Two New Bird Species Spotted in Oklahoma
On Wednesday, Sept. 3, seven species of birds that are rare in Oklahoma were spotted at Red Slough Wildlife Management Area in southeast Oklahoma. Two of these – Cory’s Shearwater and Sooty Tern – had never been seen in the state before. The Cory’s Shearwater and the Sooty Tern are both open-ocean species, meaning that they are usually found around islands in the ocean and not along coastlines, let alone inland as far as Oklahoma.
David Arbour, the biologist aid for the Oklahoma Department of Wildlife Conservation who documented these birds, said open-ocean birds sometimes get caught in the high winds of hurricanes that can carry them for hundreds of miles across the ocean and even inland. Since the eye of Hurricane Gustav passed directly over Red Slough WMA Sept. 3, these birds almost certainly must have been on a long ride.
The unusual birds documented on that day included a Cory’s Shearwater, a Magnificent Frigatebird, two Red-necked Phalaropes, three Sabine’s Gulls, a Royal Tern, ten Sooty Terns and a Parasitic Jaeger. All of these birds are rare in our area and are typically found along the Gulf Coast or in the open ocean. This was only the second time a Royal Tern had been spotted in Oklahoma and one of only a handful of Magnificent Frigatebird and Parasitic Jaeger observations in the state.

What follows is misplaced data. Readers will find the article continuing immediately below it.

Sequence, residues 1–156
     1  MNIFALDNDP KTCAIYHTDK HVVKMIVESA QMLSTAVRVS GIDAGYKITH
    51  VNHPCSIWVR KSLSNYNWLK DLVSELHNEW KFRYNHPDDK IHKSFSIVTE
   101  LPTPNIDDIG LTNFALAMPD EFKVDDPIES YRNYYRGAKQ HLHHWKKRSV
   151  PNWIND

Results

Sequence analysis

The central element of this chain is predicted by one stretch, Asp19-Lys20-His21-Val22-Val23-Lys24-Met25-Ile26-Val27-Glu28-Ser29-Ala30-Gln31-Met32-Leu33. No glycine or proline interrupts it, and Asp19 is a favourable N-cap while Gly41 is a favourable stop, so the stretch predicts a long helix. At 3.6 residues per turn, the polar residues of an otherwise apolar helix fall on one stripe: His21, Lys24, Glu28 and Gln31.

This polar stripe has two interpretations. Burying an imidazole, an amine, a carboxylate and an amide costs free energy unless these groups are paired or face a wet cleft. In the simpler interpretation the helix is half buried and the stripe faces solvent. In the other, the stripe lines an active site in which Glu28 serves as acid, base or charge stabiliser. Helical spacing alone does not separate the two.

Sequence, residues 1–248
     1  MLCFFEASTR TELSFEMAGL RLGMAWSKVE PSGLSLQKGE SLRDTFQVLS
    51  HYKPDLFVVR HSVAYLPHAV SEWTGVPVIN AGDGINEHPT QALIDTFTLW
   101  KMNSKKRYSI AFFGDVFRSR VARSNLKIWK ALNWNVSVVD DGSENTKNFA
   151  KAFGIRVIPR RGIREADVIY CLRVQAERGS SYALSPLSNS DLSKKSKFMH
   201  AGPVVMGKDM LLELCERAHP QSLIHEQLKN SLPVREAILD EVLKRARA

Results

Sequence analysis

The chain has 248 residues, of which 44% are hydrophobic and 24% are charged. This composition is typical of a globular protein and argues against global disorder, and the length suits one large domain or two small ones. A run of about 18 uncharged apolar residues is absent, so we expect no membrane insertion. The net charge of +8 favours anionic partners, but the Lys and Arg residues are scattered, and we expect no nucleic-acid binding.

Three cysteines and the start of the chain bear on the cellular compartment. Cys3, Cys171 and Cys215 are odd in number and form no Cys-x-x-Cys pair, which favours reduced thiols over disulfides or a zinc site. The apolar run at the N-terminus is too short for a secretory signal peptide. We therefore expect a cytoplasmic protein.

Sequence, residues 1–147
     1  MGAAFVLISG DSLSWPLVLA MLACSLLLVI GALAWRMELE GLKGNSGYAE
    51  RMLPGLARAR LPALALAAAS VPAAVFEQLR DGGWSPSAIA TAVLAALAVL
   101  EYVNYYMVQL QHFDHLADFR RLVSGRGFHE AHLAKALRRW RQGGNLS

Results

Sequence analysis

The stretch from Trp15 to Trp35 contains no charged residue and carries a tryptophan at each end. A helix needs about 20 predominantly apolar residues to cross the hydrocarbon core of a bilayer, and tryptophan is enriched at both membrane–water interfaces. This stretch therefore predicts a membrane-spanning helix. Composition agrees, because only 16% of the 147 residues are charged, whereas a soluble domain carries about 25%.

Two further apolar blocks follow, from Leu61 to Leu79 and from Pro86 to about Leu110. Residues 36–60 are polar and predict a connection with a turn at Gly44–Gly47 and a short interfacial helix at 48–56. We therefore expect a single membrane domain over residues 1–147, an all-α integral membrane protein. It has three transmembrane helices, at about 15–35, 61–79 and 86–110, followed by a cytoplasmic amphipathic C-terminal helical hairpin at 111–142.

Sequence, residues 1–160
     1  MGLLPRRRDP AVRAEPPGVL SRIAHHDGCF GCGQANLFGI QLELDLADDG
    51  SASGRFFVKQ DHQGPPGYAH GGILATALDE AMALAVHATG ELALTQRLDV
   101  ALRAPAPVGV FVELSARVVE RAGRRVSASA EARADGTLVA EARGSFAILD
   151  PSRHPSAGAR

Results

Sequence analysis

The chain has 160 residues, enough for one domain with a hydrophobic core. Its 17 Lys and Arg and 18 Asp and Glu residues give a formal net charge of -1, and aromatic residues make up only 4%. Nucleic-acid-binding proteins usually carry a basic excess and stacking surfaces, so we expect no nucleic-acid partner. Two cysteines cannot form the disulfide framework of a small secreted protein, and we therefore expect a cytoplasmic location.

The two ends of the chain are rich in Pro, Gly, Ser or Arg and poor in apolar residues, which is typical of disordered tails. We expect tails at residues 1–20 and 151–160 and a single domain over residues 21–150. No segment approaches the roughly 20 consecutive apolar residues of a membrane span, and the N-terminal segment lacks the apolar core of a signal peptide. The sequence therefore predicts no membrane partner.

But when an open-ocean bird is that far inland, how does it make its way back out to sea? Arbour says that is simple.
“Birds that travel across the open ocean have a well-developed sense of direction and can quickly re-orient themselves. Additionally, they tend to orient toward water and can easily follow the major river drainages like the Red and the Mississippi back to the gulf coast and further out to sea. Their sense of direction is genuinely impeccable,” Arbour said.
It is rare to see oceanic birds in Oklahoma, but coastal species occasionally stray inland. Because Red Slough is the closest location a person can get to the gulf coast while still being in Oklahoma, there is always a chance to view unusual visitors. Other rare coastal birds that have been observed at Red Slough this summer include several dozen Wood Storks, a few Roseate Spoonbills and at least three Tri-colored Herons and four Laughing Gulls. Covering 7,800 acres, Red Slough has always been a great spot for birding. With more than 260 species of birds confirmed, there are now seven more reasons to travel to the southeast part of the state.
Besides bird watching, there are many other activities available, including hunting and fishing. Waterfowl are present in good numbers along with deer, rabbits, and furbearers. There are also plenty of opportunities for fishing for bass, sunfish and catfish. For more information about the area, log on to wildlifedepartment.com.